This bottle of Spanish white was the first of three I sampled recently that hail from that Northwest Spanish bodega(s?) and, to be honest, I’d be hard-pushed to tell the difference between them if you offered me a glass of any of the three, without a label or a press release to help me out. It’s fortunate then, that I very much enjoyed each bottle.
This “La Mar” Bottle is the only one for which I either had no press release or lost said press release, which is a real bugger, as said press releases come with extensive tasting notes for the lazy taster who isn’t shy about passing off others’ adjectives as his own. Never mind, though, as my newfound propensity for taking extensive notes on every wine I try with dinner (and consequently inviting the scorn of my peer group) has served me well in this case, and the bit of biro-addled post-it stuffed in the neck of the bottle remains at least partially legible.
The wine was a pale yellow-green with a touch of gold about it: much deeper than many whites, certainly deeper than most Spanish whites (read “white Riojas”) I remember drinking. The tiny bubbles that clung to the inner surface of the glass could be an indication of an interesting vinification technique too complex for me to comprehend, or, which is perhaps more likely, evidence to support my fiancée’s theory that I oughtn’t to allow my wine glasses to drip-dry on our draining board.
Hints of lemon peel and a flinty mineral quality hit me on the nose. I’m not sure if you’ve ever been hit on the nose by a flinty quality, but it’s less painful than it sounds. I’m not even sure if flint happens in Galicia, from whence this wine hails, but I’ve also read that wines whose aroma suggests mineral-rich soil aren’t often from mineral-rich soil because most wine-friendly ground is almost entirely devoid of minerals. Put that in your pipe and smoke it. But perhaps buy a copy of the relevant edition of Tong magazine first and read the entire article, rather than merely digesting the email clippings and probably misunderstanding them, which is what I do.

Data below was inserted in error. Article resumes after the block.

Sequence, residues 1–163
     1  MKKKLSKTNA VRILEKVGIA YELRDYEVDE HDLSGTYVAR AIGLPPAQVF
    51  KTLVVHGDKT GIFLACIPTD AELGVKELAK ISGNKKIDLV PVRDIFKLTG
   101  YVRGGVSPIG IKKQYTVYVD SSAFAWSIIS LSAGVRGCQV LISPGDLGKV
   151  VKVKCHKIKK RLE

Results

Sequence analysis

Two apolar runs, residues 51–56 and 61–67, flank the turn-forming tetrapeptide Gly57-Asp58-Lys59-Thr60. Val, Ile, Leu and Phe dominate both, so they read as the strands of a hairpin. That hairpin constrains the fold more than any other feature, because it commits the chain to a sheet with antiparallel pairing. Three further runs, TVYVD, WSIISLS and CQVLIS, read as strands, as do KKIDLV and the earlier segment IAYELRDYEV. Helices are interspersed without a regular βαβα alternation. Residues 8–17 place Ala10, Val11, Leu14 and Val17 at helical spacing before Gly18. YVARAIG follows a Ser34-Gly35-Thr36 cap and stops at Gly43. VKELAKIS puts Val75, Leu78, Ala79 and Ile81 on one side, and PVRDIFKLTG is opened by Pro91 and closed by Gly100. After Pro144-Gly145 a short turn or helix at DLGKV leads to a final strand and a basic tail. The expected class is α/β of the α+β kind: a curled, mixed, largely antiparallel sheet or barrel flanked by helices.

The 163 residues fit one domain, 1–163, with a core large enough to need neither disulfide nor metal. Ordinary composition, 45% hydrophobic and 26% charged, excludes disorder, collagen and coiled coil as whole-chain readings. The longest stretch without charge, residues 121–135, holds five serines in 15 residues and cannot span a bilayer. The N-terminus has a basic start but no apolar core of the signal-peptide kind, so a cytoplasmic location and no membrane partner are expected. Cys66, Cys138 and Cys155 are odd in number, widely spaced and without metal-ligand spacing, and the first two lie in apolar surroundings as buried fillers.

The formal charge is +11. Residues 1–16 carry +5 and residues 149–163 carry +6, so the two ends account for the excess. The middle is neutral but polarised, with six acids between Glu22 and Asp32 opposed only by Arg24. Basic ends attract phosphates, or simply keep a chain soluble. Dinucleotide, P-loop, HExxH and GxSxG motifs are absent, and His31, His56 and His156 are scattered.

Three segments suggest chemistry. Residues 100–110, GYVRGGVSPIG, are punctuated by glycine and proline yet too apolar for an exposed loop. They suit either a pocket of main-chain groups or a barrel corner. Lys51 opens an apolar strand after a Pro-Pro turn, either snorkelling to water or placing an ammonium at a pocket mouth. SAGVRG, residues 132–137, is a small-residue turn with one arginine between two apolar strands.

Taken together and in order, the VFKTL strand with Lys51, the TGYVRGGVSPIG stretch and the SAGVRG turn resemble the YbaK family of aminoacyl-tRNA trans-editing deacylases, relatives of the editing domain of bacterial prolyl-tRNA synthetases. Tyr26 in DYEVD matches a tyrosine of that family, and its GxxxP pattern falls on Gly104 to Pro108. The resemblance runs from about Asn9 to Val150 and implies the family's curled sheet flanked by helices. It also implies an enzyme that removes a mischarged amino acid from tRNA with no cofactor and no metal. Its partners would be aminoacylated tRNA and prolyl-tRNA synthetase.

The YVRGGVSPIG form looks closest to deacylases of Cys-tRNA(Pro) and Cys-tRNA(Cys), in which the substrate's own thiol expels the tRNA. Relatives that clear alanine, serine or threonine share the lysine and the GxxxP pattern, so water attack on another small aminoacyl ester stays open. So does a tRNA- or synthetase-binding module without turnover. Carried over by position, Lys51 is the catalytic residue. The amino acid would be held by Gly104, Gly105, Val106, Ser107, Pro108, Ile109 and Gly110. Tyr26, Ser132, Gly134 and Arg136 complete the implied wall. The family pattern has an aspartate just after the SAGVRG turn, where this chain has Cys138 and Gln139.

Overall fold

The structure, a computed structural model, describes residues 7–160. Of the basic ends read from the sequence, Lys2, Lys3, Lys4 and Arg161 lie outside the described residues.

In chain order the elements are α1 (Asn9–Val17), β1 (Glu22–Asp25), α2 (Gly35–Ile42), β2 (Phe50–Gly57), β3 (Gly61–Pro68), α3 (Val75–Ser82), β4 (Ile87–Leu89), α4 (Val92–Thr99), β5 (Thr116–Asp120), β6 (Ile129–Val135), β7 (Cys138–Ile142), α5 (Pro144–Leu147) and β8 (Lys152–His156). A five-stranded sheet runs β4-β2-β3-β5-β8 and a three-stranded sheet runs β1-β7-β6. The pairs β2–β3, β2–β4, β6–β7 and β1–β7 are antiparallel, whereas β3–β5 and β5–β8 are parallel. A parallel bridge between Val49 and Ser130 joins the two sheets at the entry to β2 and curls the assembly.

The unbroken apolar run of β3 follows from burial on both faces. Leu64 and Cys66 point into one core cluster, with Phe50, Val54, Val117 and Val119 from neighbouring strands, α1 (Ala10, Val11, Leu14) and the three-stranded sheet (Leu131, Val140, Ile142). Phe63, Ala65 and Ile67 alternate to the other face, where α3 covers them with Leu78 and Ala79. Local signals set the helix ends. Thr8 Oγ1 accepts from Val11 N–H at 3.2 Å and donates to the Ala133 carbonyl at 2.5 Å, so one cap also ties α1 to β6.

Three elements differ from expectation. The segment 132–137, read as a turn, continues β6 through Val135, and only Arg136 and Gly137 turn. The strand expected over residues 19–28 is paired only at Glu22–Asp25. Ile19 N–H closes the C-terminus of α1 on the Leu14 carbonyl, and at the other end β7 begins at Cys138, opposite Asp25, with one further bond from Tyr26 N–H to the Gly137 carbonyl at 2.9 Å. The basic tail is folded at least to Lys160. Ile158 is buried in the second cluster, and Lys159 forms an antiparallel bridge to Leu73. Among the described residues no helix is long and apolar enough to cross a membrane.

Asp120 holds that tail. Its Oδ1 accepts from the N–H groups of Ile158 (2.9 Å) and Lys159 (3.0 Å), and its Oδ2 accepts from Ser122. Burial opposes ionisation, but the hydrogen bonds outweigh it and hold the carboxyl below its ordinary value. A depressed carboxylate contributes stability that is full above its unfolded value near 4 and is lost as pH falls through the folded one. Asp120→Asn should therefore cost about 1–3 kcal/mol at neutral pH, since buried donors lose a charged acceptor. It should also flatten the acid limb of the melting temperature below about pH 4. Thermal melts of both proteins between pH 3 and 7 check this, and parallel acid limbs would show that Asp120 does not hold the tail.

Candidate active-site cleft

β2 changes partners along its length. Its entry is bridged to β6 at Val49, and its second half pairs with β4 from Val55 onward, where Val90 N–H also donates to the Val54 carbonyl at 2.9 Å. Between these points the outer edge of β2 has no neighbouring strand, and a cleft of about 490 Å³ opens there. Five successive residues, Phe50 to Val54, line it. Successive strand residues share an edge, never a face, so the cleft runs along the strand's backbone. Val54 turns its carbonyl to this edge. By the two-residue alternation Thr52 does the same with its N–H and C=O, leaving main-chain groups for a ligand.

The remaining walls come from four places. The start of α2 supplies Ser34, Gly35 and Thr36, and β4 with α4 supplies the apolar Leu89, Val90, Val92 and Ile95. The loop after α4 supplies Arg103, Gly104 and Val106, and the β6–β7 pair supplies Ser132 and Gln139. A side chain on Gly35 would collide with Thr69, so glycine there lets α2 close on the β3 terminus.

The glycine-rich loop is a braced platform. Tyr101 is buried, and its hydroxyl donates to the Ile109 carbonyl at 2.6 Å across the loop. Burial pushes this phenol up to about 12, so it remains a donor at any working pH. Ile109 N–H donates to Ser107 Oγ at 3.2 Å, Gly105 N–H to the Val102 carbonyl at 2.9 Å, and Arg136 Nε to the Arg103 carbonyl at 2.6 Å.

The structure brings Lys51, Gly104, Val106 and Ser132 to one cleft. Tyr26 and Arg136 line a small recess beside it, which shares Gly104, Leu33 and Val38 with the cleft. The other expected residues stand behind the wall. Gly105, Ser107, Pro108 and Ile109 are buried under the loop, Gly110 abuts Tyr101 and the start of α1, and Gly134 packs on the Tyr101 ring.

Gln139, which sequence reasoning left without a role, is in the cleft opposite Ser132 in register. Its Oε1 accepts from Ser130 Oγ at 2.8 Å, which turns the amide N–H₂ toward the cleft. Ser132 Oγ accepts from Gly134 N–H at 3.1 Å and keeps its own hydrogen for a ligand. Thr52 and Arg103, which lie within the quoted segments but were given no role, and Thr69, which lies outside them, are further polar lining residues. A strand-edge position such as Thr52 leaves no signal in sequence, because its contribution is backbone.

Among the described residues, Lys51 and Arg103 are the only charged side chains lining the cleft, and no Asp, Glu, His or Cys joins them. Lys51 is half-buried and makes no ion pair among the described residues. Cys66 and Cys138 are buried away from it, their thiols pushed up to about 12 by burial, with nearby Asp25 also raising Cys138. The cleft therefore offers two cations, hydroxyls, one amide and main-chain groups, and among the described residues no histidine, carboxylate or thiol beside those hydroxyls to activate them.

Interesting fact for you linguists: the Galician word for “mineral” is “mineral”.
Sticking with the smell for a bit, because it really was a lovely smell, I even detected a faint hint of a honeyish tone – like the sort you get from Semillon; especially botrytized Semillon. That may be a case of smelling what you want to smell, or “rose-tinted nose” as it’s possibly called, because this was a far from sweet wine; on the tongue it was immediately dry and acidic in the way you’d expect a Spanish white to be. Mainly grassiness and grapeskin at first – sort of like a delicate Sauvignon Blanc – but with a fuller fleshiness coming together on the second attempt, with a hint of pear and grapefruit and a really, really faint but welcome hint of that suggested sweetness coming through with the fruit the longer it lay in the glass.
Sound like your sort of thing?
Well I think it would be a lot of people’s sort of thing. Shame that it’s so obtuse and hard to sell. By which I mean: what actually is it?
I know it’s from Galicia, just north of Portugal – not to be confused with the long-abandoned Slavic nation that briefly existed on the fringe of the Hapsburg empire. (Other good things from or associated with Galicia include daring shell-collecting cliff climbers as featured in one of those David Attenborough TV programmes, and the film The Tongue of the Butterfly.)
The grape, I think, is called Caíño Branco, but the nearest Wikipedia has to that is Caíño Blanca. Must be a Spanish/Galician thing I guess. Either way, good luck finding it.
You could probably do worse than starting at the Terras Gauda website, where you can hope to find something like it, if not the exact bottle. Word of warning though: turn your speakers down, or, better yet, off.
I estimate, based on my immense knowledge of the international wine world and my equally immense knowledge of the global economy right now, that it costs about a tenner. (Nice round figure, that.)